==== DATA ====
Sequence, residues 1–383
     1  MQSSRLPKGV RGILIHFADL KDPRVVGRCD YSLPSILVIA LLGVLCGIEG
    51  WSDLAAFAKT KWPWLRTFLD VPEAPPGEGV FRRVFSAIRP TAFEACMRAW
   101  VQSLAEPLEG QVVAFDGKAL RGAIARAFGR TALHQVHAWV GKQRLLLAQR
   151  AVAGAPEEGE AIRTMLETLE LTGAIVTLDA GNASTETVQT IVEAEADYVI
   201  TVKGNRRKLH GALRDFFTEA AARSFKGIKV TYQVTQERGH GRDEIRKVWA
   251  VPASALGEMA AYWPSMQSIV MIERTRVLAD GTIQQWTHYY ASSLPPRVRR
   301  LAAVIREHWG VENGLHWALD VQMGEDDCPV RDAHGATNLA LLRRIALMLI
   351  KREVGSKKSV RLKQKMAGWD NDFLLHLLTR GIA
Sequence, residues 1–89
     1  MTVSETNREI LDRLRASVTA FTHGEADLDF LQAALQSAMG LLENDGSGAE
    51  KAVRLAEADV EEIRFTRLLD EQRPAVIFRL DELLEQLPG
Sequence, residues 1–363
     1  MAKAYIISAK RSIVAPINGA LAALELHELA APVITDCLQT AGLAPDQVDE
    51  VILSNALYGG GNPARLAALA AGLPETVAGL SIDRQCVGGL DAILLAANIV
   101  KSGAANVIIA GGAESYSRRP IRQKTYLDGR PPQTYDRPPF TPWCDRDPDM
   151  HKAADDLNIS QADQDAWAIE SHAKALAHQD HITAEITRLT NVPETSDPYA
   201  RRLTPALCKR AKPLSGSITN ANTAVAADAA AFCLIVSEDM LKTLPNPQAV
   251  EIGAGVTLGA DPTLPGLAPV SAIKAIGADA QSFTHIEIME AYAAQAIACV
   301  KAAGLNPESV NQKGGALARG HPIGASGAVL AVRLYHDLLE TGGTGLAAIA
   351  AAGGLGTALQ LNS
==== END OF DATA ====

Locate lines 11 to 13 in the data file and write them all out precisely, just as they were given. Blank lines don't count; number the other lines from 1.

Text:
     1  MTVSETNREI LDRLRASVTA FTHGEADLDF LQAALQSAMG LLENDGSGAE
    51  KAVRLAEADV EEIRFTRLLD EQRPAVIFRL DELLEQLPG
Sequence, residues 1–363